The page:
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29 Sep, 2022
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exercise soreness

Alison’s Fitness & Wellness Corner – Exercise Soreness

Alison’s Fitness & Wellness Corner – Good Vs Bad Exercise Soreness


We should all be aware of or should have experienced some degree of next-day soreness after a tough workout, especially when trying to get back into the gym after a prolonged period of inactivity, trying out a completely new program or type of exercise, this is commonly referred to as Delayed Onset Muscle Soreness (DOMS) and is a natural component of muscular development.


DOMS was initially thought to have been caused by lactic-acid production and build-up during exercise, but that theory was later debunked and replaced with the theory that it is caused by micro-trauma to muscle fibres and connective tissue. The fact that this is in essence, damage to body tissue, begs the question: Are DOMS and other forms of next-day soreness a good thing?

Many Personal Trainers and Athletes are not happy unless a tough workout is followed by a few days of stiffness and discomfort. According to this train of thought, the body has only been taken to the limit and will only elicit the greatest adaptive response when you feel some level of discomfort the next day.


There is a growing segment of the industry that feels that mild to severe DOMS may actually be a sign of optimal growth and recovery, but it is rather a sign of excessive damage to muscle fibres and other structural components, which is not conducive to optimal muscular development. The truth is that it has been difficult to prove a direct link between muscle soreness, and the degree of muscle fibre damage caused. This means that muscular development can also occur without associated muscle paining DOMS. The key factors to consider then are not the presence of pain,
but rather the severity, intensity, and location of it.


The dull ache in the belly of the muscle and the presence of some degree of discomfort caused through movement is probably the threshold limit of what ‘good’ next-day soreness should be, but there shouldn’t be any impairment in muscle function. This dull ache and discomfort are caused by the repair process required to rebuild muscle fibres after a tough workout. Research shows that the majority of pain mainly resides in the connective tissue that binds muscle fibres together, not the actual muscle fibres themselves.

The reason for the pain is the body’s immune system response to damage, which results in inflammation. The repair process can take 24 to 48 hours to complete, which is why it is important to have a rest day in-between training that same muscle group.


If pain and discomfort persist for more than 48 hours and is present throughout the day, whether or not you are flexing or incorporating that muscle into the act of moving, then you have surpassed the optimal level of muscle damage. This basically means that the load, intensity or duration of your activity has caused excessive damage to the muscle and will therefore take more time to recover. The immune response is therefore amplified, as the body tries to repair the excessive damage. Sometimes the intensity of soreness can become so severe that it can be debilitating and at this level of damage muscles can also become sore to the touch. Repeated bouts of training that results in this type of next day soreness should be avoided, and should not be seen as indicative of a great workout.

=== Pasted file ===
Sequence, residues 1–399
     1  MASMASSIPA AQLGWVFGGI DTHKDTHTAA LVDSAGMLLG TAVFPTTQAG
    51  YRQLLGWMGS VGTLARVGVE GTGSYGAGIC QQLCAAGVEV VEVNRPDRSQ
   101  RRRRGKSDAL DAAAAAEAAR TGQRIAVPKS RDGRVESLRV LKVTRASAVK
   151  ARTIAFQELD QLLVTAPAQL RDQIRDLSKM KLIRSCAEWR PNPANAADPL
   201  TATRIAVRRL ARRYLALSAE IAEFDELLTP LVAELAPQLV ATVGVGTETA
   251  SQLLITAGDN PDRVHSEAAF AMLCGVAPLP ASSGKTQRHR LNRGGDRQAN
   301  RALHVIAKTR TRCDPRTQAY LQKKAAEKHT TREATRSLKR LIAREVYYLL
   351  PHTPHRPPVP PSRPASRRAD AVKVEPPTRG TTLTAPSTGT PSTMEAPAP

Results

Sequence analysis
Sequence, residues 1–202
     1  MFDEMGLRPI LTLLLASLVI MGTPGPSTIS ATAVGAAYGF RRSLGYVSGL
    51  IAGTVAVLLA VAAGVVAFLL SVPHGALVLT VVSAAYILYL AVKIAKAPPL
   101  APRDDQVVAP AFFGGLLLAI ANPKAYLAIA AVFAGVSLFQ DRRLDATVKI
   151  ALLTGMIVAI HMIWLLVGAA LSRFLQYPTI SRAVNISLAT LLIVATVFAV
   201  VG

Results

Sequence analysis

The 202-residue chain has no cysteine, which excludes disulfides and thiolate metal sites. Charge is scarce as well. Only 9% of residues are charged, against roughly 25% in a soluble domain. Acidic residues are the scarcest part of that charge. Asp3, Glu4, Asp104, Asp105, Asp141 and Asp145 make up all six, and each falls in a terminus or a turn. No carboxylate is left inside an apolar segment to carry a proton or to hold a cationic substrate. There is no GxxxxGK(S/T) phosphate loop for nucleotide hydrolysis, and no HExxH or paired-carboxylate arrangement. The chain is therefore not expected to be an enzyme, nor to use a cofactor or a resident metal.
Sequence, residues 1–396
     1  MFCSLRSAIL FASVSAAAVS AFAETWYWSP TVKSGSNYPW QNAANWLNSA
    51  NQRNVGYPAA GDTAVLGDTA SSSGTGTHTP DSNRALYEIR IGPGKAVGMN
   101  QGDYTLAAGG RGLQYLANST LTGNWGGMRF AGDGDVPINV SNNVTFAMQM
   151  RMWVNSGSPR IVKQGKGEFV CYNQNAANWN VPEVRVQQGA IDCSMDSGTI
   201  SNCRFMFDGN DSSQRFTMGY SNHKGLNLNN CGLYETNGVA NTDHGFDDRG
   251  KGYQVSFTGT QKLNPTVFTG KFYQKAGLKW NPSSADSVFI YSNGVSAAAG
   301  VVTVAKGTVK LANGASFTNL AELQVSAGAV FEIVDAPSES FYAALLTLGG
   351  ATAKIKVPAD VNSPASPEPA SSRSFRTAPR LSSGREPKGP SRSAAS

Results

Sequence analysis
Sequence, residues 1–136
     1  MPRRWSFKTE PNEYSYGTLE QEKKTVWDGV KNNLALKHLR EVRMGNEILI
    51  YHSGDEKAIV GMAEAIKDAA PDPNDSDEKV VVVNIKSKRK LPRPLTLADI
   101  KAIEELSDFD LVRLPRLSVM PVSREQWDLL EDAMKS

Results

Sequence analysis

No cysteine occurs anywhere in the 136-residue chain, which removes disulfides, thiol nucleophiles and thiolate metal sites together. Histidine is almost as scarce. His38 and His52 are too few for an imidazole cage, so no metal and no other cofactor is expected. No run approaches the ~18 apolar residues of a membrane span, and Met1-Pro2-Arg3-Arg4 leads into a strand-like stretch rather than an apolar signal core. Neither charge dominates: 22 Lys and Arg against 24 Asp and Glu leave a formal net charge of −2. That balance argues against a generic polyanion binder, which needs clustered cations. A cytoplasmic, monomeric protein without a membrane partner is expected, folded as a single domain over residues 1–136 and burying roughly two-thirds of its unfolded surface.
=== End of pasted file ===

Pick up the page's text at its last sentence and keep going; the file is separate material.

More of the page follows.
Excessive load and poor training technique can also affect the structural elements around the targeted muscle. This will often present as joint, ligament, and/or tendon pain, and will often result in a decrease in range of motion. This is the worst type of next-day soreness, as it means that the progression in your program has not been calculated properly, or that your technique is incorrect. Should you continue to engage in exercise that causes this level of pain and discomfort you will eventually pick up a serious injury.

Soreness caused by injury is different in nature from DOMS and next-day soreness. It is characterised by sharp, acute pain that may be constant or intermittent, depending on the nature of the injury. It can also cause the immediate immobility of a joint or muscle, depending on the severity of the injury, or may require the immobilisation of a joint of the limb to repair the damage. If you experience soreness caused by an injury you must cease exercising and see a doctor as soon as possible to begin the repair and recovery process.


Most people who try to jump into the deep end right away with regard to their training seldom last more than a few weeks. Patience is key with all aspects of training, as going to extremes seldom delivers sustainable returns. The likelihood of suffering from DOMS and next-day soreness decreases with the individual’s level of conditioning. This means that the more consistent you are with your training the less likely it is that you will experience muscle soreness. This does not mean you are not exercising properly, as it is proven that muscle adaptations do occur without the presence of DOMS. It is therefore only likely to occur again when you try a new exercise or increase the load, duration, and intensity.

It is in your interest to ask your trainer where they trained and if they indeed have a certified recognised certification.


1. Warm up properly before exercise
2. Increase your load gradually
3. Cool down properly after an intense session
4. Ice the affected area
5. Use a non-steroid anti-inflammatory
6. Do some low-intensity cardio to improve blow flow, which is known as an active recovery
7. Stretch the affected area


exercise soreness
Alison Ngethe

Founder/Owner ~ Body by Alison Caroline and Alison Caroline Institute

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